It is also POSSIBLE to avoid any downtime during the upgrade. The way to do it is by briefly launching a new RDS from a read replica snapshot and configure it as active/active Master to Master replication. Once it's configured, you can switch application traffic one APP server at the time without any downtime. We use the approach every time AWS announces RDS maintenances to avoid downtime as well as during our scheduled maintenances.


Here are the details:

M1 - Orignal Master

R1 - Read Replica of the M1

SNAP1 - Snapshot of the R1

M2 - New Master

M2 creation sequence: M1 → R1 → SNAP1 → M2

  • Since we can’t use SUPER privilege on RDS, we don’t use mysqldump with — master_data2 option on the M1. Instead, we launch R1 to obtain the binlog position of the M1 from it. Then create a snapshot (SNAP1) from the R1 and then launch M2 from the SNAP1.

  • Create two separate RDS parameters groups with the followingt offsets to avoid PK conflcts:

    M1: auto_increment_ increment = 4 and auto_increment_offset = 1

    M2: auto_increment_ increment = 4 and auto_increment_offset = 2

  • Create replication user on M1


1. Create R1 from M1

-- Connect to the R1 and stop replication
   CALL mysql.rds_stop_replication;
-- Obtain M1’s (!!) current binlog file and position 
        `mysql> show slave status\G
             Master_Log_File: mysql-bin.000622
             Exec_Master_Log_Pos: 9135555

2. Create SNAP1 from R1

  • Create M2 from the SNAP1 with the attributes obtained from M1

  • Assign a parameter group to M2 with a different auto_increment_ offset from M1 to avoid M/M replication key conflicts

4. Setup M/M replication

-- Configure M2 as a slave of M1
CALL mysql.rds_set_external_master ('m1.xyxy24.us-east-1.rds.amazonaws.com', 3306, 'repl', 'mypassword', 'mysql-bin.000622', 9135555, 0);
CALL mysql.rds_start_replication;
-- Connect to M2 and obtain its current binlog file and position
         mysql> show master status\G
            File: mysql-bin.004444
            Position: 6666622
-- Connect to M1 and configure it to be a slave of the M2
CALL mysql.rds_set_external_master ('m2.xyxy24.us-east-1.rds.amazonaws.com', 3306 , 'repl', 'mypassword', 'mysql-bin.004444', 6666622, 0);
CALL mysql.rds_start_replication;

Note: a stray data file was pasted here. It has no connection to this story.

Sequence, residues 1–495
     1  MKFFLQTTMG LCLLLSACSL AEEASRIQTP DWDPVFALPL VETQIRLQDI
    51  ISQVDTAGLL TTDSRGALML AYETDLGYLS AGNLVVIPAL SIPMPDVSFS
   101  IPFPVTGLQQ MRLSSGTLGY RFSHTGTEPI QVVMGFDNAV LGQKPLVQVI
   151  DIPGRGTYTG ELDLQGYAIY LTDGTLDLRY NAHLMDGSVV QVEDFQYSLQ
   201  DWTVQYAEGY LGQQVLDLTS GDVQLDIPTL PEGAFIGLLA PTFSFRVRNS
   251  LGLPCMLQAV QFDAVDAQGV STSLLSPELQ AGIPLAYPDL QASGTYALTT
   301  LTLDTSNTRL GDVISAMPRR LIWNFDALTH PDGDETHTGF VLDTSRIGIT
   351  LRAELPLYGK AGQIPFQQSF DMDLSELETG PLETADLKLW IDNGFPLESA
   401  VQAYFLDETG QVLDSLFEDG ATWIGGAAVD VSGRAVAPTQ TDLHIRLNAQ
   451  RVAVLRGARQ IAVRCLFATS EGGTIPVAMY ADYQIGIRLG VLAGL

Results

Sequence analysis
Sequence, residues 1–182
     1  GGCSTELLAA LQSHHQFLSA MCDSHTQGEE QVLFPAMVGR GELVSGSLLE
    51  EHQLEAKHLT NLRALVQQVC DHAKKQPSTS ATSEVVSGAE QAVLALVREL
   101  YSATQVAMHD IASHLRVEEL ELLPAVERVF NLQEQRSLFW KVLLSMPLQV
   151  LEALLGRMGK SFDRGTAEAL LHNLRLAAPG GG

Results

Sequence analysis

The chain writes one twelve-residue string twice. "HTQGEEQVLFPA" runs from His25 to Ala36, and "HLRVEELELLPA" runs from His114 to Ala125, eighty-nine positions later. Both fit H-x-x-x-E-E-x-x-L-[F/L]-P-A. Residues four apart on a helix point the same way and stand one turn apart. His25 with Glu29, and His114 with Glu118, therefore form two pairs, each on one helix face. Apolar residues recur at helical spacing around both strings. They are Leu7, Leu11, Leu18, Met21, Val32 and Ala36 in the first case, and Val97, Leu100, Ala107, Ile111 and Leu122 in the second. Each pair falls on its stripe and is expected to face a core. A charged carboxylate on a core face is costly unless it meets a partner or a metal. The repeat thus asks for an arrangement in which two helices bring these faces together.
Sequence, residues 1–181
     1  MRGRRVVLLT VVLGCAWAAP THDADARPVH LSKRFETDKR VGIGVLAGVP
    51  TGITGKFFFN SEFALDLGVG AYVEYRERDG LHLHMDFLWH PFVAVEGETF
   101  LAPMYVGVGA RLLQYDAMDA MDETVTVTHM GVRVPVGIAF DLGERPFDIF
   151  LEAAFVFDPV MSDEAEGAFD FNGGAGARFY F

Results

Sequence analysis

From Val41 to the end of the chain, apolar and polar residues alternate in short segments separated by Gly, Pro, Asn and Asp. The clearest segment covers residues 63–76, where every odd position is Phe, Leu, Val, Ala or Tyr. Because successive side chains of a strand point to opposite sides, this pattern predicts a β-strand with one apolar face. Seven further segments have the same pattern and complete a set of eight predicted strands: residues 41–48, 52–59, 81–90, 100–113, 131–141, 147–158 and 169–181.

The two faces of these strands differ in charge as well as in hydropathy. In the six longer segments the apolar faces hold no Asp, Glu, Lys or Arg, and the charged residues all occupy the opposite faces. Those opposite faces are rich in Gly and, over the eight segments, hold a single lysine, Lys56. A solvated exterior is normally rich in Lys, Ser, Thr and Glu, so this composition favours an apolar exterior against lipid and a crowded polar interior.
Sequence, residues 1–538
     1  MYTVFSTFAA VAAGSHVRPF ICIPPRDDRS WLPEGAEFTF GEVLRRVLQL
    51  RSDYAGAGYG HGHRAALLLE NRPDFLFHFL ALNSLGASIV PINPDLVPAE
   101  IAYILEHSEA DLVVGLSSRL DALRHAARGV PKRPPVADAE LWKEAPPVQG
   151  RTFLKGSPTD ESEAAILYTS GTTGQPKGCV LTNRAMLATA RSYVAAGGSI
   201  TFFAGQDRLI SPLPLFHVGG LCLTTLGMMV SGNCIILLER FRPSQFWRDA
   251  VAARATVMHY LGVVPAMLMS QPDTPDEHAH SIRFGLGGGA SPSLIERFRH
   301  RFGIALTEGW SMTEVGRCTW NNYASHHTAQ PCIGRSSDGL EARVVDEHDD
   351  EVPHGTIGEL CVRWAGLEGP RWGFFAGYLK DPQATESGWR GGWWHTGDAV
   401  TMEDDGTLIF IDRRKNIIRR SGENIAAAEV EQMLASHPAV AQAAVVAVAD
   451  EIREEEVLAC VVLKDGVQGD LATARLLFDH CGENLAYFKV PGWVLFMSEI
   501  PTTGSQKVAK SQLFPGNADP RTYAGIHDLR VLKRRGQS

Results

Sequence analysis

5. Delete R1 and SNAP1 as they’re no longer needed

6. Upgrade M2 via AWS Console

Use the standard procedure to Modify the Instance as per your needs.

7. Perform Graceful Switchover to M2

As M/M replication is set up successfully, we are ready to proceed with DB maintenance without downtime by gracefully switching App servers one at the time.

Here are more details on how it works.


  • The show master status\G command on my M2 returns Empty set. Is it show slave status\G or show master status\G?
    – Brian
    Apr 1 '20 at 5:10
  • This post says that we can run mysqldump without SUPER privilege by setting log_bin_trust_function_creators to true.
    – Brian
    Apr 6 '20 at 1:53
  • M2's automated backup needs to be enabled so that running SHOW MASTER STATUS\G; on M2 can return File, and Position.
    – Brian
    Apr 7 '20 at 10:10
  • this is correct, make sure binary logging is enabled on both Masters Apr 7 '20 at 14:31

Even with a multi-AZ environment, you will have a 60-120s outage. This was the case when I repeatedly hit our RDS instances while performing an upgrade from a PostgreSQL db.m3.medium to an db.m3.large.


This would work, however you must make sure that the endpoints of the RDS instance is not configured in you application as a static entry. Swapping RDS will change the endpoints.

  • 2
    Please give more substance to your answer such as some references to support your answer and/or extended reasoning.
    – Erik
    Sep 29 '15 at 23:21